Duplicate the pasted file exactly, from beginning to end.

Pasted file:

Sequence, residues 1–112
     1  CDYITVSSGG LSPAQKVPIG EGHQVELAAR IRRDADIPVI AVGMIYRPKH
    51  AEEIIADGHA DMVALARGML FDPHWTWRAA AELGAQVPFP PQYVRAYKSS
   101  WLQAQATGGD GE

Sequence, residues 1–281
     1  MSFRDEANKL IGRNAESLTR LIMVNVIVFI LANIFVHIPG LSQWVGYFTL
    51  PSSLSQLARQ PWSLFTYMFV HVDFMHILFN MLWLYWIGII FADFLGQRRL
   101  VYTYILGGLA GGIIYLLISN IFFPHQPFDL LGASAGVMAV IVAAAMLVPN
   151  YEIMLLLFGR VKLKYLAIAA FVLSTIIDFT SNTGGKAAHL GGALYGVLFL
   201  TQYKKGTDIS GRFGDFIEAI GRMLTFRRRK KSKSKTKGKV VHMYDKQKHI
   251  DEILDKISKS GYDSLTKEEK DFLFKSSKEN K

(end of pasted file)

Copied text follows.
Sequence, residues 1–112
     1  CDYITVSSGG LSPAQKVPIG EGHQVELAAR IRRDADIPVI AVGMIYRPKH
    51  AEEIIADGHA DMVALARGML FDPHWTWRAA AELGAQVPFP PQYVRAYKSS
   101  WLQAQATGGD GE

Sequence, residues 1–281
     1  MSFRDEANKL IGRNAESLTR LIMVNVIVFI LANIFVHIPG LSQWVGYFTL
    51  PSSLSQLARQ PWSLFTYMFV HVDFMHILFN MLWLYWIGII FADFLGQRRL
   101  VYTYILGGLA GGIIYLLISN IFFPHQPFDL LGASAGVMAV IVAAAMLVPN
   151  YEIMLLLFGR VKLKYLAIAA FVLSTIIDFT SNTGGKAAHL GGALYGVLFL
   201  TQYKKGTDIS GRFGDFIEAI GRMLTFRRRK KSKSKTKGKV VHMYDKQKHI
   251  DEILDKISKS GYDSLTKEEK DFLFKSSKEN K